In addition to the neuropathological amyloid or tau hypotheses, AD is also viewed as a disconnection syndrome . Jones et al. hypothesized a cascading network failure in AD: the failure begins with a local overload, which then transfers a processing burden to other systems that contain prominent connectivity hubs, eventually leading to widespread system failures . Martijin and Olaf et al. demonstrated that a 'rich club' is formed by brain hubs of high-degree nodes. The rich club is characterized by a tendency for hubs to be more densely connected among themselves than with peripheral regions, i.e., lower-degree nodes; this organization provides important information on the higher-level topology of the brain network [18-20].
Network disruptions within the rich club have a significant impact on cognition, because the rich club is a high-capacity central core, and rich club connections play a key role in the global integration of neural information among regions of the brain . Many studies have reported that patients with AD, from the preclinical to dementia stages, have significant hub-concentrated lesion distributions [21-25]. However, Daianu et al. proposed that the network disruption was predominate in the peripheral network components in patients with d-AD and less pronounced in those with MCI . Zhao et al. also found that decreases in the connection strength of the edges between peripheral nodes were observed in aMCI patients compared with that in normal controls (NC) . Wang et al. failed to detect significant hub alterations between patients with SCD and NC . These inconsistent findings suggest that the network disruption mechanisms remain unclear.
Here, we recruited a relatively large sample (N=224) of study participants that consisted of NC and SCD, aMCI and d-AD subjects, representing normal aging and the preclinical, prodromal and dementia stages of AD, respectively. Diffusion tensor imaging (DTI) data were collected and utilized to reconstruct brain structural networks. We aimed to reveal how the patterns of rich club organization change with disease progression. This pattern of changes might be a biomarker for early diagnosis and may act as a guide for clinical trials and interventions.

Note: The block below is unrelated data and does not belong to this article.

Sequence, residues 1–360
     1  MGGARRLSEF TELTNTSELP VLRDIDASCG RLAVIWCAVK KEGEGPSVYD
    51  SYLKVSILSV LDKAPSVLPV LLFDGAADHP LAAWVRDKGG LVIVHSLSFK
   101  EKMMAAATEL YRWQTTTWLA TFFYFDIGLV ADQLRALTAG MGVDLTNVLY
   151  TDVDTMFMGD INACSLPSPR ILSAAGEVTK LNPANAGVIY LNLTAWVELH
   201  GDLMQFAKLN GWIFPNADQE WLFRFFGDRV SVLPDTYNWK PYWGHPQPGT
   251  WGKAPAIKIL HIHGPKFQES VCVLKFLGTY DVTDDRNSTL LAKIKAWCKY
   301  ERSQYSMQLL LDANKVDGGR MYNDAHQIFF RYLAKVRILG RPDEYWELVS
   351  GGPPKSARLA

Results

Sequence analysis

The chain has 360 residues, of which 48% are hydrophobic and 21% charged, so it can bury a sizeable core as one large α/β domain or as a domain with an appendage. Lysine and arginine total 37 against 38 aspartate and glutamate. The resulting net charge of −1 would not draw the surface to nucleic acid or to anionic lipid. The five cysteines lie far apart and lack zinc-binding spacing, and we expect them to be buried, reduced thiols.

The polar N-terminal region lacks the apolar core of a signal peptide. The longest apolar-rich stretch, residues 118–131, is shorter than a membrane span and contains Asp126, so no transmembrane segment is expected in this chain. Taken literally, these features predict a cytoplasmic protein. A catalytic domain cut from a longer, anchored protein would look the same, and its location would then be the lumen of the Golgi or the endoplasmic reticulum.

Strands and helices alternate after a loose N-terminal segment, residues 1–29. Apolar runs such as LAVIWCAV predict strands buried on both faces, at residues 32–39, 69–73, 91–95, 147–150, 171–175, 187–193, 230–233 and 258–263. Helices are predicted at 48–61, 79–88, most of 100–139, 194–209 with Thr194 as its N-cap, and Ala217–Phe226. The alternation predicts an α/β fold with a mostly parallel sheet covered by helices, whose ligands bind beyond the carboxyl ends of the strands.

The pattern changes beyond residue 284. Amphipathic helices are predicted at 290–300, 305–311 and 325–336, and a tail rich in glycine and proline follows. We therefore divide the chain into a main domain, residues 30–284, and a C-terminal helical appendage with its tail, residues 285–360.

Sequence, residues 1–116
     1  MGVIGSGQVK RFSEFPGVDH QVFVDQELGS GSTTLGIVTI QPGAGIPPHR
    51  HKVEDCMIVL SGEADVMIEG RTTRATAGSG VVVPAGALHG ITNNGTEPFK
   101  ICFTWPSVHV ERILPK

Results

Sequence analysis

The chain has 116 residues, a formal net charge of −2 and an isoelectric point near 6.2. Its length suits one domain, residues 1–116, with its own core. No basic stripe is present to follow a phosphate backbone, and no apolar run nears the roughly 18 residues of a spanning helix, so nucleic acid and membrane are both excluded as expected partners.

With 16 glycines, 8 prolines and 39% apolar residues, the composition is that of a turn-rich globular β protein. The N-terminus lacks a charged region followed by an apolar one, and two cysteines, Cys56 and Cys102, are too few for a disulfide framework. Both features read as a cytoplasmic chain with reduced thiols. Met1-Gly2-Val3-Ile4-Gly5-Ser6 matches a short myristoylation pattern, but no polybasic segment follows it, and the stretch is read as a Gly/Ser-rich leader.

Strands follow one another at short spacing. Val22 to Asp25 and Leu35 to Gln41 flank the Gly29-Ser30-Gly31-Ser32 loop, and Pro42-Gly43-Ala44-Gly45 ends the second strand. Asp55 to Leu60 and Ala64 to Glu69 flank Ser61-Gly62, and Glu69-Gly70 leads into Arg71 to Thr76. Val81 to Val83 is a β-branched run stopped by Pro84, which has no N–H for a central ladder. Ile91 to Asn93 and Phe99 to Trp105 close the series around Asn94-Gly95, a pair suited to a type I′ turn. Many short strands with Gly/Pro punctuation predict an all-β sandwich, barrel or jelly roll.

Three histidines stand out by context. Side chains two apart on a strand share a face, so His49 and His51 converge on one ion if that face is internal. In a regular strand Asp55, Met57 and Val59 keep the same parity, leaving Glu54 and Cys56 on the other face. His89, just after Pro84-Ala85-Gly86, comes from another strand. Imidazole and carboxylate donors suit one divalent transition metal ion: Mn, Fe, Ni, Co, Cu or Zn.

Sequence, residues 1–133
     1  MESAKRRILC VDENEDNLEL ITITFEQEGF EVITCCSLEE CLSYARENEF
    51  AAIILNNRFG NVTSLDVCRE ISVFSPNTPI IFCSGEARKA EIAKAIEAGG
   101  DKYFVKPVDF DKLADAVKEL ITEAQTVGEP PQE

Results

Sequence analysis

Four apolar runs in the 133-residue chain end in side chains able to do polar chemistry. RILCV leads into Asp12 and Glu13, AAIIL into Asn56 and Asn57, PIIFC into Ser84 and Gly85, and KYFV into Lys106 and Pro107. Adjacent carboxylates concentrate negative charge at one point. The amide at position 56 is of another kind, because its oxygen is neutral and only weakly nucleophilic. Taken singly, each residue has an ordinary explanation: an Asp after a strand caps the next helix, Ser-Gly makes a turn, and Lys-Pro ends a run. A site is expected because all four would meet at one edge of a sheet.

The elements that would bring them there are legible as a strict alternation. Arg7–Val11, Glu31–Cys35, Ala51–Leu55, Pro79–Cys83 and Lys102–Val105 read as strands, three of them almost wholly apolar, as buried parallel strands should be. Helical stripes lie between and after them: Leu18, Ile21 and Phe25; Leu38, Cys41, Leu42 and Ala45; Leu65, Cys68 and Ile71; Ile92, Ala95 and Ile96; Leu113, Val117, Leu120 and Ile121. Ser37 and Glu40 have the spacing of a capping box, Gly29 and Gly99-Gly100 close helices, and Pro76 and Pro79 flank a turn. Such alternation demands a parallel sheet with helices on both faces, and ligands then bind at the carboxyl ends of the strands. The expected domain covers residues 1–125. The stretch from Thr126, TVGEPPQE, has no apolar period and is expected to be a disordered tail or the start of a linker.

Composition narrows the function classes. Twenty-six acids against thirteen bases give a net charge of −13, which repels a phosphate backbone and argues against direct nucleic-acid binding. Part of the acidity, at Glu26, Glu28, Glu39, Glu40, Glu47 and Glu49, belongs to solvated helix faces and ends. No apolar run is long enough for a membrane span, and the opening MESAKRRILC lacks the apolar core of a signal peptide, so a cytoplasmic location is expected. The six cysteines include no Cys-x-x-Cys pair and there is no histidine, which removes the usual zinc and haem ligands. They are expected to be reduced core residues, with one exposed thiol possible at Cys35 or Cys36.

A total of 224 right-handed Han Chinese subjects were recruited into this study between September 2009 and December 2015. Among them, 62 NC subjects were recruited from the local community through advertisements. A total of 162 subjects with memory concerns were recruited from the memory clinic of the Neurology Department of XuanWu Hospital in Beijing, China, including 47 SCD, 60 aMCI, and 55 d-AD subjects. The study was approved by the Medical Research Ethics Committee and Institutional Review Board of XuanWu Hospital (ClinicalTrials.gov identifiers: NCT02353884 and NCT02225964).
All subjects provided written informed consent prior to any experimental procedures. All subjects underwent a series of standardized clinical evaluations, including a medical history interview, a neurologic examination, and a battery of neuropsychological tests. Neuropsychological tests included the Chinese version of the Mini-Mental State Examination (MMSE), the Beijing version of Montreal Cognitive Assessment (MoCA) , the Clinical Dementia Rating Scale (CDR) , the auditory verbal learning test (AVLT) , an activities of daily living (ADL) assessment, the Hachinski Ischemic Scale, the Hamilton Depression Rating Scale (HAMD) , and The Center for Epidemiologic Studies Depression Scale. . The diagnoses were performed by experienced neurologists. All the subjects were diagnosed according to guidelines and asked to undergo a brain magnetic resonance imaging (MRI) scan once they were enrolled.